Category Archives: Fountain Family

Theater producer and consultant Diana Buckhantz joins Fountain Theatre Board of Directors

Diana Buckhantz cropped

The Fountain Theatre is pleased to welcome veteran theater producer and public relations consultant Diana Buckhantz to its Board of Directors.

Diana Buckhantz recently produced the critically acclaimed new musical Songbird in New York City which is about to have a second production at Two Rivers Theatre this June before an eventual return to New York. She was part of the producing team that brought the Tony-nominated musical Leap of Faith from the Ahmanson Theatre to Broadway. Her producing credits also include Standing on Ceremony: The Gay Marriage Plays at the Minetta Lane Theatre in New York and The Last Goodbye at the Old Globe.

“I have been seeing shows at the Fountain for many years and have always been so impressed by the quality of the work,” says Buckhantz. “Excellent writing, beautifully staged productions and wonderful acting – all wrapped around and illuminating the important social and moral issues of the day. I believe that theatre should entertain but also that it should stimulate audiences to challenge their values and belief systems.  The Fountain does this in engaging and thoughtful ways. I am excited to join the board to help support this important work and help the theatre to grow and expand its reach. “

Diana began her professional career producing award-winning documentaries including “Dying with Dignity,” “Hunger in the Promised Land, and “Not A Question of Courage,” all for KTLA. Her documentaries have also received two National EMMY awards, two local EMMY Awards, the Scripps Howard Award for Broadcast Journalism, the State Bar of California Public Service Award, the NAPTE National Iris Award, the National Education Award, three Angel Awards, and the Kenny Rogers World Hunger Media Award.

While a producer at ITC Productions, she received an Associate Producer credit for the feature film “Without A Clue,” starring Michael Caine and Ben Kingsley.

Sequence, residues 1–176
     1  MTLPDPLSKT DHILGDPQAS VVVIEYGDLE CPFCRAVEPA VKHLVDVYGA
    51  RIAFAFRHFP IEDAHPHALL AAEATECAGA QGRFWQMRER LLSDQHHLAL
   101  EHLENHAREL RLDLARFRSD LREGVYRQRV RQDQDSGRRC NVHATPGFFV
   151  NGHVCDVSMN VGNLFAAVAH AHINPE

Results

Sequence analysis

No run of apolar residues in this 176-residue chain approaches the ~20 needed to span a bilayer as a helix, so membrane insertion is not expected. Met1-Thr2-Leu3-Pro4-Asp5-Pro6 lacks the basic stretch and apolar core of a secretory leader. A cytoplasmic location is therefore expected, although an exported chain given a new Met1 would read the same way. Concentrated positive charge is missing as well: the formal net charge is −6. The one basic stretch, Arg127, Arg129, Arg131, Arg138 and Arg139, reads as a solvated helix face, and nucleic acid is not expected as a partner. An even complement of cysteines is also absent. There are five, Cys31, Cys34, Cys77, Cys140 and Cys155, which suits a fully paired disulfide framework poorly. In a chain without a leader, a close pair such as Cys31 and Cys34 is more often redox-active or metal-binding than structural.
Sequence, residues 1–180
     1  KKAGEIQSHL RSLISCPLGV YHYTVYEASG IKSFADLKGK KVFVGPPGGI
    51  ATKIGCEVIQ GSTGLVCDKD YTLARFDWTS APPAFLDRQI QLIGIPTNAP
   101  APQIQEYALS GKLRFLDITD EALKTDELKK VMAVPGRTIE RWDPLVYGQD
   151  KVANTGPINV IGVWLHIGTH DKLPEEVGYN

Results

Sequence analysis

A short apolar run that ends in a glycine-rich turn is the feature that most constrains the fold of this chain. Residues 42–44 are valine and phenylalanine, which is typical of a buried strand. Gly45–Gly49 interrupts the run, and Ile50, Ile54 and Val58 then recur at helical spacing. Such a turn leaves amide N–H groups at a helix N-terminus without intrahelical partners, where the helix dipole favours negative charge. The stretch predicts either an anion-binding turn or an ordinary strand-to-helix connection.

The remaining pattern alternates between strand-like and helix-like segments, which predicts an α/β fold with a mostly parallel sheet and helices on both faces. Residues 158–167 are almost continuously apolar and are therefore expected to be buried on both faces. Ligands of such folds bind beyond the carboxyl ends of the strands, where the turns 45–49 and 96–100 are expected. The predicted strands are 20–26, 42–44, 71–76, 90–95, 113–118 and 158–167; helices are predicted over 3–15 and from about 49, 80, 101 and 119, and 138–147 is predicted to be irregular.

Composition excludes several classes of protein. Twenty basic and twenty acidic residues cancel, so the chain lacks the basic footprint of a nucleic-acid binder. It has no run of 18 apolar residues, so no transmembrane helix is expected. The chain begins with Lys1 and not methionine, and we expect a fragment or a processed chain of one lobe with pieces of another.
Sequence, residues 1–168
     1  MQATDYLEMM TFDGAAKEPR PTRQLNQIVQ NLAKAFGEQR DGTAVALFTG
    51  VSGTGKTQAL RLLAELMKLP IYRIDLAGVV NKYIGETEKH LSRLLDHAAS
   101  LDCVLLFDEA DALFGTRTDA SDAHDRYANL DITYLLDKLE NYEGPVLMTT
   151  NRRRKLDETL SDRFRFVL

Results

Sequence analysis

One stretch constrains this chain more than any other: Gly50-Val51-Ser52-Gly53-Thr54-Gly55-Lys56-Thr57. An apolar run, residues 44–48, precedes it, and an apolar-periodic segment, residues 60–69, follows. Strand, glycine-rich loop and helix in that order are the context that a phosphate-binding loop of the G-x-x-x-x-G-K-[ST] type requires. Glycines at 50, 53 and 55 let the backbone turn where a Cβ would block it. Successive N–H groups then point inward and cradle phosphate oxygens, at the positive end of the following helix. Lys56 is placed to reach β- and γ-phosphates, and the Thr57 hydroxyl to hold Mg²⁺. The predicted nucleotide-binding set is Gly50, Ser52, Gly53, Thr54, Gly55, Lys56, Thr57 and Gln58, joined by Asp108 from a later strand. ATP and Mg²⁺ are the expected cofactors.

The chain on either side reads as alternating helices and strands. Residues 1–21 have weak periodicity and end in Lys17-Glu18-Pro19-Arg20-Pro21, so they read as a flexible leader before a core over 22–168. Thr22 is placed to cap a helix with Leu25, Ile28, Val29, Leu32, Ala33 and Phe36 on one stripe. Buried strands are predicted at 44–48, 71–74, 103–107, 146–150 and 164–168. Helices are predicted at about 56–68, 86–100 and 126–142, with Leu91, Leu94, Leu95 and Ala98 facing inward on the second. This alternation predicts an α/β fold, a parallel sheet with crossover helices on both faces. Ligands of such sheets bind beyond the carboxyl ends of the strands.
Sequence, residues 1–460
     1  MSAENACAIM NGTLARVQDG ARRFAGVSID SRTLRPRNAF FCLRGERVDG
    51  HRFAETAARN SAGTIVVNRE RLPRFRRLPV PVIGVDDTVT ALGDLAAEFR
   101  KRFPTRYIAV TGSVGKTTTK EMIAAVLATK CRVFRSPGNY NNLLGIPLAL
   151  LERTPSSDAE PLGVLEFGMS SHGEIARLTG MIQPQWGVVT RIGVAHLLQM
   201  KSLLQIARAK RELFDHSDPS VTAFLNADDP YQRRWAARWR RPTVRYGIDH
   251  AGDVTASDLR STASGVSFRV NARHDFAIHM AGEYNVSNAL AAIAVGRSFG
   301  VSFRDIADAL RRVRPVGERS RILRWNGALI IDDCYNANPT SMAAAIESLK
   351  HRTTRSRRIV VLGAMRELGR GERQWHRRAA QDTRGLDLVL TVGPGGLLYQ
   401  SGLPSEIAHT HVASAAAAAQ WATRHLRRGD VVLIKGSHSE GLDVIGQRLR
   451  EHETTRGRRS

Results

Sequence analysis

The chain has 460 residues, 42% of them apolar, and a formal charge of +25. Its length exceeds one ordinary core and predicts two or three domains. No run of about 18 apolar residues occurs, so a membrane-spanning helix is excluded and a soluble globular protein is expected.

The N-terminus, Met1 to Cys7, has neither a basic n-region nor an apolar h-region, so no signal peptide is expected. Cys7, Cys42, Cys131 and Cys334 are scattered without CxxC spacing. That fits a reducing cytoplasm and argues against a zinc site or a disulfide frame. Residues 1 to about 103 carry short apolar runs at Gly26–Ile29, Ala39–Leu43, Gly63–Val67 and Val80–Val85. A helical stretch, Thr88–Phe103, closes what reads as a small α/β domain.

Currently, she also runs her family foundation which focuses on issues around runaway and homeless youth, arts education in the schools, aging, reproductive rights, and combating genocides and mass atrocities in Africa.

She proudly serves on the boards of Center Theatre Group, Los Angeles Youth Network, Jewish World Watch and Capital and Main.

Her greatest production, however, is her son Sam.

“Diana has been a fan of the Fountain for some time, ” says Co-Artistic Director Stephen Sachs. “Her professional experience as a theater producer and her dedicated service on notable non-profit boards makes her a very strong asset to our Fountain Family. We are thrilled to have her on our Board of Directors. “

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Creating a theatre family and community: Meet intern Victoria Montecillo

Victoria Montecillo at desk June 2016by Victoria Montecillo

Hey there Fountain family! My name is Victoria Montecillo and I am the Development Intern at The Fountain this summer. I am a recent graduate of Scripps College, where I got a double degree in Theatre and Media Studies. Aside from theatre, I love music (making it and listening to it!), reading (now that I’m done with college, I actually have time to read again), and spending time with the people I love. I was born in New York, but my family moved to Hong Kong before I turned two, so I grew up in Hong Kong before coming back to the United States for college.

In my experiences in theatre, I’ve done a little bit of everything – I found my passion as a performer, and I explored working in sound, lights, and directing. I found that although my heart initially was only with performing, I loved being involved in theatre in any way I could. I loved being a part of the work, and helping create that final product. In college, I became so much more aware of the power of theatre; the power of giving voices to untold stories, and of reaching out to audiences through stories of the human experience.